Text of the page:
NEW DELHI/SINGAPORE (Reuters) - Two lessors to Indian carrier SpiceJet Ltd (SPJT.NS) are in talks to terminate contracts and repossess planes via mutually agreed deals with the airline over missed payments, according to two sources directly involved in the discussions.
One of the leasing companies started to pull out a few planes earlier this year after SpiceJet failed to pay maintenance fees due since late last year and lease rentals since last month, said one source, adding that talks were continuing over other jets.
The second lessor began discussions, which are ongoing, last month just as the coronavirus pandemic started crippling the airline industry, according to the second source.
About 10 planes in total have been or could be repossessed, with leases terminated with the airline’s agreement, according to the sources, who declined to be named due to the sensitivity of the matter.
A SpiceJet spokesman described queries related to the discussions with lessors as “speculative, misleading and baseless”.
“We share excellent relationships with all our partners and lessors and our agreements with them are confidential,” he added.
“Our fleet structure and exits have been planned exits at our option to cater to the demand requirements,” he said, adding SpiceJet was taking various steps to re-align its operations with current travel restrictions worldwide.
The carrier did not comment on specific queries about dues owed to lessors or delays in making payments.
SpiceJet is not alone in wrestling with the impact of the coronavirus crisis, which has seen airlines worldwide seeking delays in rent and deliveries or state help. Estimated global airline losses from the coronavirus pandemic have climbed to $314 billion, trade body IATA said last week.
Avolon, a leading global lessor, said this month it had received requests from more than 80% of its customers for relief from payment obligations.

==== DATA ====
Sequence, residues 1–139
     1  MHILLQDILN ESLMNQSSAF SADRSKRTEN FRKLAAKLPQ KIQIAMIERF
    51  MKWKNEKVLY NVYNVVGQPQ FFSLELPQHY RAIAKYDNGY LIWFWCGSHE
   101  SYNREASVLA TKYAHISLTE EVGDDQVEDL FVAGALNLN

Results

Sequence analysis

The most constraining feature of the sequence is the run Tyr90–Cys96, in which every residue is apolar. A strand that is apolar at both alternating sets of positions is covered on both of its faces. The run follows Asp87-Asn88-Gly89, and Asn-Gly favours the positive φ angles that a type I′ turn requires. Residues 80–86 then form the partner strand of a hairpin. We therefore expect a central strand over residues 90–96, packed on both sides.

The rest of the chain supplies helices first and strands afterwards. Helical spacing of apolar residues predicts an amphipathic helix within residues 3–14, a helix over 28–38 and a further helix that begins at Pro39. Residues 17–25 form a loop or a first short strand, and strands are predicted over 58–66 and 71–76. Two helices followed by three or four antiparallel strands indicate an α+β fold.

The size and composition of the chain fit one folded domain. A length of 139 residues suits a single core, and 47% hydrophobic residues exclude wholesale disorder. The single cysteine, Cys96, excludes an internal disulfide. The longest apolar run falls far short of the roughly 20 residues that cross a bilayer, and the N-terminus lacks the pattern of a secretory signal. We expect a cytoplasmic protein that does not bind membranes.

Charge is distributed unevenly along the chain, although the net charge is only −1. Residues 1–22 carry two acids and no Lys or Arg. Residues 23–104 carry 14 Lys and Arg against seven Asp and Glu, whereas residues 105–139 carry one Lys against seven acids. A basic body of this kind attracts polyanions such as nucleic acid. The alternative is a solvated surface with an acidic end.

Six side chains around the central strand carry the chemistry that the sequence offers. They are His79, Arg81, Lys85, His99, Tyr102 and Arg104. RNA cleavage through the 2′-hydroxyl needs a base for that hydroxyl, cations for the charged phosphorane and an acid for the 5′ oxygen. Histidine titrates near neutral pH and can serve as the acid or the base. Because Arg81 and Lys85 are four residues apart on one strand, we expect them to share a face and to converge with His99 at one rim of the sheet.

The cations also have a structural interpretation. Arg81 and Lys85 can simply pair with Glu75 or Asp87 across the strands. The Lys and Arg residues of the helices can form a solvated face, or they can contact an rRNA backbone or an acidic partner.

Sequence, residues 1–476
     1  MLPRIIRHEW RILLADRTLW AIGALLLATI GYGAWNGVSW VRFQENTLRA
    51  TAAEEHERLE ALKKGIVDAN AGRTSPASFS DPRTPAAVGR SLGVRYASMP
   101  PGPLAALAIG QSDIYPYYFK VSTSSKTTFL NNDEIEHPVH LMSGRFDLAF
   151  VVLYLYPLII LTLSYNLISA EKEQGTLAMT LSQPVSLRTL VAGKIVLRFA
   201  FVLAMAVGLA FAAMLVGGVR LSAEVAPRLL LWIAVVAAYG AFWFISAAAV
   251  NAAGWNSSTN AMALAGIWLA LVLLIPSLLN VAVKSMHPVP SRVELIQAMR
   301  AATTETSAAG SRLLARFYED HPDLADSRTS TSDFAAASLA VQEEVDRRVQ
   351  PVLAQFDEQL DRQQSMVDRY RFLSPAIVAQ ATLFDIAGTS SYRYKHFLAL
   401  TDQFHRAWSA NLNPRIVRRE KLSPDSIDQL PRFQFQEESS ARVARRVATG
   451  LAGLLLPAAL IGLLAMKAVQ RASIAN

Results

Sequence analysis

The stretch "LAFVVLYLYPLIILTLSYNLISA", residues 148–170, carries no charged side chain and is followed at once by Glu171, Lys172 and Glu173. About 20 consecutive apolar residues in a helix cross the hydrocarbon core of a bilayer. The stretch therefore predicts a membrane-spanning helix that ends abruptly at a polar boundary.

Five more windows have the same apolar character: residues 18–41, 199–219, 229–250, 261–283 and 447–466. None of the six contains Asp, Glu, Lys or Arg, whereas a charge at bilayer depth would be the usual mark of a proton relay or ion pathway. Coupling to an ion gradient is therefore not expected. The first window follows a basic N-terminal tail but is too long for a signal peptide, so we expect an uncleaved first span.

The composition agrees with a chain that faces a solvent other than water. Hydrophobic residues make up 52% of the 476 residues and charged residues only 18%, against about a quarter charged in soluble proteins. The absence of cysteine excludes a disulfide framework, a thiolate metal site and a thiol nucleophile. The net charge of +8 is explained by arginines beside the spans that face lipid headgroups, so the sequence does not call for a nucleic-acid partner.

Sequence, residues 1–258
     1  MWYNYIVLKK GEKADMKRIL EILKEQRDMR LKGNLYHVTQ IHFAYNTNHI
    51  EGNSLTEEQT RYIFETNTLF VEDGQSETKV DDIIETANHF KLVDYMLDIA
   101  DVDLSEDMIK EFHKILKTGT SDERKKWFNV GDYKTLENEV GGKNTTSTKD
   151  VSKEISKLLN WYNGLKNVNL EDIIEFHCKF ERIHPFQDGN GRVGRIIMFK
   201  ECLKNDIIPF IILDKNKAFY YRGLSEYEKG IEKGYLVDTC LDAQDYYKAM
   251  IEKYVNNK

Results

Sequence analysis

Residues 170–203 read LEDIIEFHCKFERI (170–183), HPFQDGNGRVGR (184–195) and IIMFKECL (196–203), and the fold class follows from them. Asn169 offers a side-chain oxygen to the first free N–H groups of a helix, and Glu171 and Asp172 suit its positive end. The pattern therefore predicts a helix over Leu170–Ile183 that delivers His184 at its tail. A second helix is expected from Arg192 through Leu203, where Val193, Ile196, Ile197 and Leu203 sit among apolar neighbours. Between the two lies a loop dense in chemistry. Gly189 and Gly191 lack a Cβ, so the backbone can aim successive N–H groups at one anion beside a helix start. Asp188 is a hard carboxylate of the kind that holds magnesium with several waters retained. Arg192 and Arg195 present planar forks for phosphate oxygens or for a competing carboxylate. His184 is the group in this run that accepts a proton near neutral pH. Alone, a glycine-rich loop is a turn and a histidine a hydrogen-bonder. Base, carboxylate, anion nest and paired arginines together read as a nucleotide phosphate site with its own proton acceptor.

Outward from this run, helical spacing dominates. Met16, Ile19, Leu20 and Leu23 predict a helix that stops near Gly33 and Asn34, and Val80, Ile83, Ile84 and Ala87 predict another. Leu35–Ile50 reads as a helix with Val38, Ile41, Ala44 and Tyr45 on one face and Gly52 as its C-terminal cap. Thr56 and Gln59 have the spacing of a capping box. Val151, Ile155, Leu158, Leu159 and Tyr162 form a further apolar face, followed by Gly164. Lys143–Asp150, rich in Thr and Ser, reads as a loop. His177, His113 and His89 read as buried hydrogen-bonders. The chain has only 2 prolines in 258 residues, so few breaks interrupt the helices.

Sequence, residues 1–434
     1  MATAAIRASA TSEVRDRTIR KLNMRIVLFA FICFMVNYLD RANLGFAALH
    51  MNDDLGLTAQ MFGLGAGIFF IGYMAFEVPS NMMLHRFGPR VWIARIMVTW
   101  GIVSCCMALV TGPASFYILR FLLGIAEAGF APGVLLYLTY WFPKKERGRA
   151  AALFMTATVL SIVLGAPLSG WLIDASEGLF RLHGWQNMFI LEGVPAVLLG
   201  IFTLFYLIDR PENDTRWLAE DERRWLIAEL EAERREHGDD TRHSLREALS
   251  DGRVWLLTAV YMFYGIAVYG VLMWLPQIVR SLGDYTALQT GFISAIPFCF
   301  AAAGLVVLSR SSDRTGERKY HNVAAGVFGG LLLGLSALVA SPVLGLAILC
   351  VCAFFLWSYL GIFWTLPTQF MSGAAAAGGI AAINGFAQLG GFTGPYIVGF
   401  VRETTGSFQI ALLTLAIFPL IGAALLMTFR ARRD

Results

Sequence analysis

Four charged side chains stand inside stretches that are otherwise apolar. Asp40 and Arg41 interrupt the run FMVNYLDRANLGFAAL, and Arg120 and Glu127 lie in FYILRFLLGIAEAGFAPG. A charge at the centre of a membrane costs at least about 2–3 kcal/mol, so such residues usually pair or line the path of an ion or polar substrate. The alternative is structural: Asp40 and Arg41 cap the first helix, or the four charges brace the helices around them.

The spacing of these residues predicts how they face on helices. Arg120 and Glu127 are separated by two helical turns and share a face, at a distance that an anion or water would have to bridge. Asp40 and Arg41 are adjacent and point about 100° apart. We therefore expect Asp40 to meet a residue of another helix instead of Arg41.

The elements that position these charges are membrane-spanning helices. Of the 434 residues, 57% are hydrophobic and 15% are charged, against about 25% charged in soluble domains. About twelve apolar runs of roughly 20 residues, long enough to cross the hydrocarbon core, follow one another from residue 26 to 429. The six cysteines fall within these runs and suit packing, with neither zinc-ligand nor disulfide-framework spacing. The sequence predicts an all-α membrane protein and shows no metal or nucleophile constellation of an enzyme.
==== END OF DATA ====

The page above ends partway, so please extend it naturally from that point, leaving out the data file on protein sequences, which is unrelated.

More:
The two sources said the lease talks were instigated by the lessors but early termination deals would be mutually agreed with SpiceJet.
The second leasing company is in talks with the carrier to repossess a handful of Boeing 737 planes, also citing delayed payments, said the second source.
SpiceJet had a 119-strong fleet at the end of 2019. Its two-dozen lessors include Carlyle Aviation Partners, Aircastle and Avolon, according to industry data provider Cirium.
Carlyle and Avolon declined to comment, while there was no response from Aircastle.
SpiceJet’s challenges in the pandemic crisis come on the heels of a rapid expansion early last year, when it took on around 30 leased planes from bankrupt Jet Airways (JET.NS) and became India’s second-largest airline by market share.
India’s fast-growing airline market is also one of the most competitive. Weak economic growth over the past year hurt airlines even before the coronavirus outbreak led to a ban on commercial passenger flights until at least May 3.
Airlines including SpiceJet’s bigger rival IndiGo (INGL.NS) and state-run Air India, have idled over 650 planes. India is working on an aviation rescue package for all airlines that could be worth as much as $1.6 billion.
($1 = 76.5590 Indian rupees)
Reporting by Aditi Shah and Anshuman Daga; Editing by Euan Rocha, Tim Hepher and Pravin Char